That’s not to say Swagger is the better standard from a technical perspective, added Monier. “In the process of registering the API and onboarding it, we can start with an API that is defined in Swagger or RAML. We do see RAML 1.0 is a little ahead of the game when we look at the functional scope,” he said.

RAML was created by Uri Sarid, Emiliano Lesende, Santiago Vacas and Damian Martinez, all of whom work for MuleSoft. Sarid, CTO of MuleSoft, said that RAML was created to deal with the ever-increasing amount of APIs out there.

“We were saying, ‘It seems that a lot of APIs that are being published are a little bit ad hoc.’ Similarly, API consumption was ad hoc,” he said. “People were writing code after reading documentation of an API and attaching to it that way. There were other somewhat standardized ways of doing things—like WADL or Swagger—that people used as intermediary bridges. If I have a tool chain that generates a Swagger implementation, and I can put a UI on top of that, then I am good.”

Yet Sarid said there was something missing from these other standards. “What we didn’t see was intentionality—someone saying, ‘I intend my API to work in this way.’ If we’re going to make developers and enterprise lives easier in the API economy, we need to get everyone intentionally thinking about APIs,” he said.

Thus, Sarid and the RAML working group set out to design a specification that would force the user to indicate their intention when creating the specifications for their APIs. Such an effort, he said, goes the extra mile to define the purpose of an API, not just delineate its functions in a mechanical manner. Such extra metadata allows the API to be better defined for automated monitoring and administration, he said.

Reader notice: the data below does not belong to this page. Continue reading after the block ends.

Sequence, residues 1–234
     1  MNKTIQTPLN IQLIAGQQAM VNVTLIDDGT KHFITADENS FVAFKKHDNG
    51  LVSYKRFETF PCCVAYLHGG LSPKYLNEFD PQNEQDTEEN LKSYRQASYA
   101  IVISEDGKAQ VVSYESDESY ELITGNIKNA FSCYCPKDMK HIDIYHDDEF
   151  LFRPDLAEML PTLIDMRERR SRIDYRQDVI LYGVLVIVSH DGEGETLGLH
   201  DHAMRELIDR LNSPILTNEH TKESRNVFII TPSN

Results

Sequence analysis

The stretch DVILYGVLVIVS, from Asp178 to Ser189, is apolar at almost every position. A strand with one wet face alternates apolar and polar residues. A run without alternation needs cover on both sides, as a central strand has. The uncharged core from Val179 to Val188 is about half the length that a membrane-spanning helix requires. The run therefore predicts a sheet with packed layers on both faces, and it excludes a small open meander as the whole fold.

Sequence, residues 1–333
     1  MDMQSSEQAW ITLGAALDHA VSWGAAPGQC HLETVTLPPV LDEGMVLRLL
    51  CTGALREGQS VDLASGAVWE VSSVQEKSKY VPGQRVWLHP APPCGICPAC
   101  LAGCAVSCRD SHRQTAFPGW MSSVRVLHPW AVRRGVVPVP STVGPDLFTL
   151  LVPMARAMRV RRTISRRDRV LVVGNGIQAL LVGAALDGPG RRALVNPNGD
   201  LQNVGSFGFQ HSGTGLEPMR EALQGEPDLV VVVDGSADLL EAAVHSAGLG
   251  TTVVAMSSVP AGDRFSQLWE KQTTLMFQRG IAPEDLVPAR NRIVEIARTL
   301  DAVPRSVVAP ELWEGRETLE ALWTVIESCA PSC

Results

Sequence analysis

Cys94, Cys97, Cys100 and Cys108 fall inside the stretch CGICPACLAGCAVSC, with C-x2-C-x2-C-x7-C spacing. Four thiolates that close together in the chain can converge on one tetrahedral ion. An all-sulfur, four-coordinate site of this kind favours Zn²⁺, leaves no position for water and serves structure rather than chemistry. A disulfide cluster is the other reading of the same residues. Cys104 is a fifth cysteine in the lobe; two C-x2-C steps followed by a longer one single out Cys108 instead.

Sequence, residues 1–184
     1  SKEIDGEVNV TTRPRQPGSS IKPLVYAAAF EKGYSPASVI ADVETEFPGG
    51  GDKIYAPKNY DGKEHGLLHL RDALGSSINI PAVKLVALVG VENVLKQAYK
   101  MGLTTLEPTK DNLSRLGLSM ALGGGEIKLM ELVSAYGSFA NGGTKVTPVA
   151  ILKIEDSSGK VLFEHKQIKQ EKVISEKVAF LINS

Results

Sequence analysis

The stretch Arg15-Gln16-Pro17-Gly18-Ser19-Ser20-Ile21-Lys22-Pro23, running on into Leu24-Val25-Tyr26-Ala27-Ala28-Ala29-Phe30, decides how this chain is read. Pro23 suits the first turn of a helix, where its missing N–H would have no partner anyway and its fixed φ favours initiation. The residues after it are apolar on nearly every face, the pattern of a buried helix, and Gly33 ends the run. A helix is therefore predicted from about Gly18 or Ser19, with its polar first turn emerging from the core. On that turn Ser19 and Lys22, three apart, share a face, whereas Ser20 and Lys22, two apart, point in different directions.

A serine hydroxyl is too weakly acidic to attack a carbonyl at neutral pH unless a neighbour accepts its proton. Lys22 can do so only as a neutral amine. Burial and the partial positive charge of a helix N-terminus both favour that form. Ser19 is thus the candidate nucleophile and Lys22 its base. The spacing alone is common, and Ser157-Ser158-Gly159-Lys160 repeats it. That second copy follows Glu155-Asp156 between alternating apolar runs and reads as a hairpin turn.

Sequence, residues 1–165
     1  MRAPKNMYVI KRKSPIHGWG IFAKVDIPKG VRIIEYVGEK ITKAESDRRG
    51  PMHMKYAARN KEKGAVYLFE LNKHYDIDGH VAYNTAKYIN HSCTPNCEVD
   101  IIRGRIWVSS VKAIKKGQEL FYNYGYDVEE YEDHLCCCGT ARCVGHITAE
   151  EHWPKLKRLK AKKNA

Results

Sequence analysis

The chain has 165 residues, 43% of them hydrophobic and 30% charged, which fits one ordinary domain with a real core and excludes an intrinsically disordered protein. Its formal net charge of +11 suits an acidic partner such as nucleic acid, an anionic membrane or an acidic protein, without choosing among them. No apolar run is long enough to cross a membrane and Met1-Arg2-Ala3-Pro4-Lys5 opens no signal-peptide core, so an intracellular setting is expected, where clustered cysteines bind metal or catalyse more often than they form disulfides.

“From that humanly writeable but machine readable specification, you can generate goodness: auto-documentation, auto-governance. We didn’t see Swagger wanted to go in this direction,” said Sarid.

Designing the RAML standard was just the first step, however, said Sarid. “We knew it would make no impact without tools to help you leverage those capabilities, so at the same time we developed an API designer and an API console that was reactive to that. We created an API notebook based on my experience with Mathematica. If you have an API specification, it should be trivial to code against it. The API notebook allows you to point to an API specification so you can start scripting against it. It’s almost like blogging for the API world,” he said.

The world of API standards really heated up at the start of 2016 when the Open API Initiative began operations. This project, working under the umbrella of the Linux Foundation, seeks to develop an API description format based on the Swagger specifications. In simpler terms, the OpenAPI 2.0 specification is simply the renamed Swagger 2.0 specifications. The Initiative has attracted many vendors, from Microsoft and Google to IBM and Intuit.

The initiative is currently hard at work on the OpenAPI 3.0 specification. It will be a breaking release, with significant structural improvements, and will follow the semantic versioning conventions that have become popular of late, meaning we’re now expecting version 3.0.0 of the specification instead of simply 3.0.